p.p.s. I apologize if you’re feeling sick today.
      otherwise: Huh?!?!

  • Dan,

    I’ve written a daily journal for as long as I can remember. A thanks journal is a grand idea, but I have to add that any kind of journal helps put one’s life into perspective. There are pages in my journal that are so full of bitter thoughts and white-hot rage, I swear the pages hiss and smoke. And there are pages so full of joy and sweet memories they positively glow in the dark. Both have great value for me, because they let me see me, both the light and the dark sides of this crusty old curmudgeon.

    I also discovered that it is difficult and even painful to maintain an attitude of hatred and recrimination for any length of time. There is a well of darkness in each of us, but if we siphon it off into an external record, it lightens the load we carry. Harry Truman wrote many letters he never sent. Most were angry and hurtful exercises, but they removed that yoke from his shoulders, so he could get on with the business of being President. The letters that survived him show a man subject to all the knee-jerk anger and resentment which plagues every human being. I believe his passion kept him vital until his last days. The few letters he actually sent, like the one attacking a music critic who panned his daughter Margaret’s recital, caused him great grief. He was wise to capture the darkness and lock it away.

    An attitude of gratitude is a tremendous goal to seek. However, it seems to me that it would be an artificial construct if the incredible bright lights were not balanced by the indigo darkness they dispel. For those who feel they do not have the time to write a journal, I offer the following suggestion: Use the power of your computer to record your thoughts in audio or video format. Deliver a pep talk to yourself via your Web cam or your Smartphone. Take a picture of yourself when you first get out of bed in the morning. I always look in the mirror right away…so I can start my day with a good laugh — and that is something for which I can give thanks!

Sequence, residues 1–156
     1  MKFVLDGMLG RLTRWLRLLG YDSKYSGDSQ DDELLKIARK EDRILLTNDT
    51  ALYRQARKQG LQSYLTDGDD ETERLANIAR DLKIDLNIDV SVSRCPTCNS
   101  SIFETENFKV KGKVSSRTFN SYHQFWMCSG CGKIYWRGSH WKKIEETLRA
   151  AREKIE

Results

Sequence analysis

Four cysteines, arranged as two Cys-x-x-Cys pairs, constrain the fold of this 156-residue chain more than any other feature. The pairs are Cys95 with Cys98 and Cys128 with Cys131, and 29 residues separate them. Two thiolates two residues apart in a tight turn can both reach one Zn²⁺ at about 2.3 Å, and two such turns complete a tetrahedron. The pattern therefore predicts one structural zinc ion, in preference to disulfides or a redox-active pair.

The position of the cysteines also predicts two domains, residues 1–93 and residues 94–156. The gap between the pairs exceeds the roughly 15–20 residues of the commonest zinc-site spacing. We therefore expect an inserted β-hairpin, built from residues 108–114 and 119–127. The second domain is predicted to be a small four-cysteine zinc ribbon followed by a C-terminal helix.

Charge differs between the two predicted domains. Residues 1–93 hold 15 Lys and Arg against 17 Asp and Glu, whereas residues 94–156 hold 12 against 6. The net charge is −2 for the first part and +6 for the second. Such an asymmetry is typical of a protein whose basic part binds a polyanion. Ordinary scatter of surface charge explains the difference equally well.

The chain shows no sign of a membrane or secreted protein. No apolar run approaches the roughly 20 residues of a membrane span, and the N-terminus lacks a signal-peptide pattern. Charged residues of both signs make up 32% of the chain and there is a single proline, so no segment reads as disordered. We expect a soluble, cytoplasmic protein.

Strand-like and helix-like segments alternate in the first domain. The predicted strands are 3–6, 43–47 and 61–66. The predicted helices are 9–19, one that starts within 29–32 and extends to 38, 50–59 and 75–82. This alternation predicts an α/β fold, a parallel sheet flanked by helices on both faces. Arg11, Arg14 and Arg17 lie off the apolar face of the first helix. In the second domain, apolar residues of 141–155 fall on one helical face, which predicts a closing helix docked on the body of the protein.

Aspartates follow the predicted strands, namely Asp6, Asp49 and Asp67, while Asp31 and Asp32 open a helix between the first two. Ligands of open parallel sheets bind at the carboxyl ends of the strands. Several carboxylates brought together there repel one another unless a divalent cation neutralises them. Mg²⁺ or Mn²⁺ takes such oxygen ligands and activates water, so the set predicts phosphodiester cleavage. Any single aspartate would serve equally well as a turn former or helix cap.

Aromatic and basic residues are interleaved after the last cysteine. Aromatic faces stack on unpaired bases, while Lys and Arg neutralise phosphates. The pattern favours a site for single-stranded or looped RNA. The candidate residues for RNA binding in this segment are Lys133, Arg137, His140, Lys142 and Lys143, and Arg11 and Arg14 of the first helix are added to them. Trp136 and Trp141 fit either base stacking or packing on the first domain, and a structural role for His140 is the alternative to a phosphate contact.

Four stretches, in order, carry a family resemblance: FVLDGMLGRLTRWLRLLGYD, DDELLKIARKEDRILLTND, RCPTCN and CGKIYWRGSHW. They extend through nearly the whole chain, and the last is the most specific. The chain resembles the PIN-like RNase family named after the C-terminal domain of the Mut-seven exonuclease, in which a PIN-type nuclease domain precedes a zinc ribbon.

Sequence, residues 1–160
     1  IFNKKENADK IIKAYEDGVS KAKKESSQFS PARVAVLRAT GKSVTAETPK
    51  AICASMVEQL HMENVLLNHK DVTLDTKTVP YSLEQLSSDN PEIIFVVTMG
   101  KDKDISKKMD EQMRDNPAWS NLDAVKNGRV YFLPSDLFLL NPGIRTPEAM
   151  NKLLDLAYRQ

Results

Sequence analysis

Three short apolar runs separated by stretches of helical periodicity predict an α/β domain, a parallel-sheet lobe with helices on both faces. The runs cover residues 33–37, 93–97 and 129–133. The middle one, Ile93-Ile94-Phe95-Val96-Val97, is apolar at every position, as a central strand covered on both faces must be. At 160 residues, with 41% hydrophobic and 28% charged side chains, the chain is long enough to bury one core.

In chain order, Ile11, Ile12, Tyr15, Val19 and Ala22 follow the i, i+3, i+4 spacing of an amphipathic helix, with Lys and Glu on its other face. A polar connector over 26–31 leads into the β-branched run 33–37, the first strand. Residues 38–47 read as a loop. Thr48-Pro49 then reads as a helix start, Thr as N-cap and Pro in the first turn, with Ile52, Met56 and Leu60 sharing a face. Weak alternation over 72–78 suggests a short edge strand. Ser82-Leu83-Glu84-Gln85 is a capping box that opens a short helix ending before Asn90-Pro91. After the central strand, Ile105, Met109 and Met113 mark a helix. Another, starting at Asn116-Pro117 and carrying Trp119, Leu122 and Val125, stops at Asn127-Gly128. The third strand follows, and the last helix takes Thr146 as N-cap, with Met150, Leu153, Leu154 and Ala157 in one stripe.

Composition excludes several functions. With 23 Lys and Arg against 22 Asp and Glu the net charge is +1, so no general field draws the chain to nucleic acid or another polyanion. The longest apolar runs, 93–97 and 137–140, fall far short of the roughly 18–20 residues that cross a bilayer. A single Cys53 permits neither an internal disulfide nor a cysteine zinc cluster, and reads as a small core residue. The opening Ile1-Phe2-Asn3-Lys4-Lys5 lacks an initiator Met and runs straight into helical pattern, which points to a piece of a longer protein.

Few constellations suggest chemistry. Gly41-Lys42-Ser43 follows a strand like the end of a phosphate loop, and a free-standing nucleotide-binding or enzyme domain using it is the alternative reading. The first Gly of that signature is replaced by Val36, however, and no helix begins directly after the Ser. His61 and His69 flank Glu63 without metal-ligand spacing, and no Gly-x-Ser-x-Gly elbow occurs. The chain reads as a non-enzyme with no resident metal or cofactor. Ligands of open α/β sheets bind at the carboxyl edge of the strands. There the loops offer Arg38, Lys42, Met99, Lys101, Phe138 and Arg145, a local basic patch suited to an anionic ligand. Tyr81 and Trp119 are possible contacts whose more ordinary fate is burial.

• Trying to find the link to the songs – keep circling back to the main page – hoping to download them for the annual trip north for the holiday!


  • I attended a funeral service yesterday for a friend’s 16-year-old son who had struggled with depression for several years. I can’t imagine anything worse happening to a family. And I can imagine that like most people, thoughts about that young man make me think about my own two children who are close to his age. I’ll continue to think of my friend and her family through the Thanksgiving weekend and beyond, and will be even more thankful for my own family and friends, because I know there’s no guarantee they’ll still be here next Thankgiving, or even tomorrow.

  • Tony,
    I also have a friend who had to go to his son’s college and pick up his belongings and, of course, his son’s body. Nothing makes me quake more than the thought of the unnatural of having to bury one’s child.
    The depth of that fear and loathing surely is the flipside of the immeasurable thanks for being given the gift of a child or children. We’ll remember your friend and her family at this time of endless thanks,

    • Dan,

      Thank you, I appreciate your thoughts. We’ll be thinking of your friend, as well. It’s appropriate for all of us to give thanks knowing that we shouldn’t take any of our loved ones for granted, and should be thankful that they were a part of our life.

      Happy Thanksgiving,